Wonderful talk the other week with Jonathan Dove about Swanhunter, which Opera North is currently doing at the ROH Linbury and is touring until 3 May. I love Jonathan's music, which manages to be engaging, original, interesting, compelling and atmospheric rolled into one, and it's always a joy to talk to him about his work. Not everything has gone into the paper, so here is the director's cut.

Being a contemporary classical composer can be an insecure business for some. But, it seems, not for Jonathan Dove, whom I catch for a chat just before he heads off to Hawaii, where one of his numerous operas is being staged. “I’m having rather an annus mirabilis,” he declares, mildly incredulous. Closer to home, his one-act chamber opera Swanhunter is coming to London for the first time: Opera North, which commissioned it, brings a new co-production with the theatre company The Wrong Crowd to the Royal Opera House’s Linbury Studio on 2 April. And this is just the beginning.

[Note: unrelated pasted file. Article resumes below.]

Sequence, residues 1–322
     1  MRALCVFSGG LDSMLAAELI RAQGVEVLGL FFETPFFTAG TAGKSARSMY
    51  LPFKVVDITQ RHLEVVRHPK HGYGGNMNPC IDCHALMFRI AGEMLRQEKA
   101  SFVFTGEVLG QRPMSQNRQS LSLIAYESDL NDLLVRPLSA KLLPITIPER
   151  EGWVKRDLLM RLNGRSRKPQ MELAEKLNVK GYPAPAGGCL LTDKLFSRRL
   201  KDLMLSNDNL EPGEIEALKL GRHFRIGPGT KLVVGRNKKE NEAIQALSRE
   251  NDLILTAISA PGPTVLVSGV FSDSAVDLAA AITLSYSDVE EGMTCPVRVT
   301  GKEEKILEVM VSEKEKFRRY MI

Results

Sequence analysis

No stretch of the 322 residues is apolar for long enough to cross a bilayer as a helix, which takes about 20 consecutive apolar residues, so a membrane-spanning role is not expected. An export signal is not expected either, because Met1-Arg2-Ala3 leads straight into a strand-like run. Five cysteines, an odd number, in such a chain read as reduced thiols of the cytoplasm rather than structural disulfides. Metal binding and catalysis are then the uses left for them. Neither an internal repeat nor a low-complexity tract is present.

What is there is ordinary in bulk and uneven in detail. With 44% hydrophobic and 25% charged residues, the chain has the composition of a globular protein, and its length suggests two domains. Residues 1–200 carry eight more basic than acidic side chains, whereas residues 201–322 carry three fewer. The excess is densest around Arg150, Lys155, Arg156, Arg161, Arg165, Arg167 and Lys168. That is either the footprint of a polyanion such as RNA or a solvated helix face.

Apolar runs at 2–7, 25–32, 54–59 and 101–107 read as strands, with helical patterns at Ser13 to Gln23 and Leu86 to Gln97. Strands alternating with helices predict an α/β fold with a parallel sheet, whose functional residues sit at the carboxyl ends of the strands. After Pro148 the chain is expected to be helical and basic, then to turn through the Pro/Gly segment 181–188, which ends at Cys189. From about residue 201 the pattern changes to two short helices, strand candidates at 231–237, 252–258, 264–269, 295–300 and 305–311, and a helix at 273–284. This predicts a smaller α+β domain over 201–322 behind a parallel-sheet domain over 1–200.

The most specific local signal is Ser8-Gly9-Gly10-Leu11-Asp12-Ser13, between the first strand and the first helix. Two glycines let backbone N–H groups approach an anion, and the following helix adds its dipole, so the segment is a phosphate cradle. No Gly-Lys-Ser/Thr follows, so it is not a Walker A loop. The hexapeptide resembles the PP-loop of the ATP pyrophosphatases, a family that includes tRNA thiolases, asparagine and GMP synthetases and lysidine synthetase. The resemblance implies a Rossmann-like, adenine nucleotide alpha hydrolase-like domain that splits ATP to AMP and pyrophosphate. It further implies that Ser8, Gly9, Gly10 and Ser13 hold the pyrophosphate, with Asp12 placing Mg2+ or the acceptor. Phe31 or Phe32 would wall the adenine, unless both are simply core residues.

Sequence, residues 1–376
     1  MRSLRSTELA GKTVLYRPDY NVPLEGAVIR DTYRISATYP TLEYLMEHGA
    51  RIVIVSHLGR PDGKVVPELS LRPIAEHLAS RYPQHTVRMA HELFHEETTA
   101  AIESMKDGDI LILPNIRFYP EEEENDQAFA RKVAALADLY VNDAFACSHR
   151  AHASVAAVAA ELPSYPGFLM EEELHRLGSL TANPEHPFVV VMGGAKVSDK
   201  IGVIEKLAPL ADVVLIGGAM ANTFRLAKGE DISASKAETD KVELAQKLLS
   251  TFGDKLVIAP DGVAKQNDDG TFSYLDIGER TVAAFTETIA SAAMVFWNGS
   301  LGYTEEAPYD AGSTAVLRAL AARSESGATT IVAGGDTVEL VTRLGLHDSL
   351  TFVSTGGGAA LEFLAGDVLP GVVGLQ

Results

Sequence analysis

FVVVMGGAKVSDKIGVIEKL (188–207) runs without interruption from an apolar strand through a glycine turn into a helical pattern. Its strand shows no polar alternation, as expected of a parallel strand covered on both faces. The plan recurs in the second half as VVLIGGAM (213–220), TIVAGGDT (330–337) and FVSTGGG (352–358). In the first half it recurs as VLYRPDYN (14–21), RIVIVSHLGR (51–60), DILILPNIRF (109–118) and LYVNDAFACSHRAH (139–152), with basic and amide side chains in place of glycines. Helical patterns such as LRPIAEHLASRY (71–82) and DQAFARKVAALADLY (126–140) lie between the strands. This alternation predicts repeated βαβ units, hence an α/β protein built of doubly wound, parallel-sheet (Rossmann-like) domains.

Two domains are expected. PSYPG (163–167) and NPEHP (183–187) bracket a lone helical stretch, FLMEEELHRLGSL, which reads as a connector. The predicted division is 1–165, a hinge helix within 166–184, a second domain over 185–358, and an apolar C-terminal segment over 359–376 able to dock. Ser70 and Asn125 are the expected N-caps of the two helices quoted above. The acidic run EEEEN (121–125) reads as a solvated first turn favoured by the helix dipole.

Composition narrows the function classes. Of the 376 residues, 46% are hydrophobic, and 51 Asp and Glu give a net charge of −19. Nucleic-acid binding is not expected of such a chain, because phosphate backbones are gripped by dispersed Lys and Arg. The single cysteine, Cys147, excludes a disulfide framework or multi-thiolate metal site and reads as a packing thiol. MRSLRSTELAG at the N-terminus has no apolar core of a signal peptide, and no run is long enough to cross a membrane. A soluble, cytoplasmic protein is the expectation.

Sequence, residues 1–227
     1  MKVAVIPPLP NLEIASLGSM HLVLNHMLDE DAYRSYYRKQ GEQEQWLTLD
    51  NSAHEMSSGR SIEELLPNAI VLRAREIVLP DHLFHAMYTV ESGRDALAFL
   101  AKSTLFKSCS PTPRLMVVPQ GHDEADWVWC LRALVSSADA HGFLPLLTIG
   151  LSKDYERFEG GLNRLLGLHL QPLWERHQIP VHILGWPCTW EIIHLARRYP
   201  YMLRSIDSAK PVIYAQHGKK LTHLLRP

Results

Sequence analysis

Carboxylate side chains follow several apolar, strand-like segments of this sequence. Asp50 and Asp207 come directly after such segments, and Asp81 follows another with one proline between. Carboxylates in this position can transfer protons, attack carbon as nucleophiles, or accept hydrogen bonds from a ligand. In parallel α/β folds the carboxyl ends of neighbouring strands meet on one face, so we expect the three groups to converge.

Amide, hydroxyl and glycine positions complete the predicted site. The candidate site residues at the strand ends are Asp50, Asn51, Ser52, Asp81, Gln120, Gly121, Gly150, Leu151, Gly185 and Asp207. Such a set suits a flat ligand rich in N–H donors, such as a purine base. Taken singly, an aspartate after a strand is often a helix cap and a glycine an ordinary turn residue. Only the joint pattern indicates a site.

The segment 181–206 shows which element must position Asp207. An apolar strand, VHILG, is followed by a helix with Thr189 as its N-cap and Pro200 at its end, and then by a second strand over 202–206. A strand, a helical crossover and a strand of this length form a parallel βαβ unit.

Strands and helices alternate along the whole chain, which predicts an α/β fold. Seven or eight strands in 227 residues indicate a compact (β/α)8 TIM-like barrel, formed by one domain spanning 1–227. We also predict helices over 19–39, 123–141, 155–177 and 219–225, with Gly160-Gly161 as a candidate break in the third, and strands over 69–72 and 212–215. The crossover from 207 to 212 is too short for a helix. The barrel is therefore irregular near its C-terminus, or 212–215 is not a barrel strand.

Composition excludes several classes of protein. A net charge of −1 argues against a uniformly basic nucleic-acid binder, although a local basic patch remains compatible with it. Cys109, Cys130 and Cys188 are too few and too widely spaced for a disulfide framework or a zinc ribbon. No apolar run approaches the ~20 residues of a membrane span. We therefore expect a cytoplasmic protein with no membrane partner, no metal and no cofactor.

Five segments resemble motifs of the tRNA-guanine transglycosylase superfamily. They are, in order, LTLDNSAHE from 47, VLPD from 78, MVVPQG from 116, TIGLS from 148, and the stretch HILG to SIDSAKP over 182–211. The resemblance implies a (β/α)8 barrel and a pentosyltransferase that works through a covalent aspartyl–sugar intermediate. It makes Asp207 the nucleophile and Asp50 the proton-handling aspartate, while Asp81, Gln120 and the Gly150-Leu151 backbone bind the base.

“I like to feel useful,” Dove explains as we ponder the secret of his success. “And opera is something I like to share.” This at least partly accounts for his quantity of stage works for schools, families and community participation; they have included The Adventures of Pinocchio, The Enchanted Pig, and Tobias and the Angel, to name just a few, many of them received by audiences and critics alike with near rapture. Dove’s style is lyrical, fresh and, above all, genuine; he says he finds the matter of introducing young audiences to opera an inspiring challenge. “But whatever you do in that respect, Benjamin Britten always got there first,” he acknowledges, nodding to the prevailing influence of such works as Britten’s Noye’s Fludde and The Little Sweep.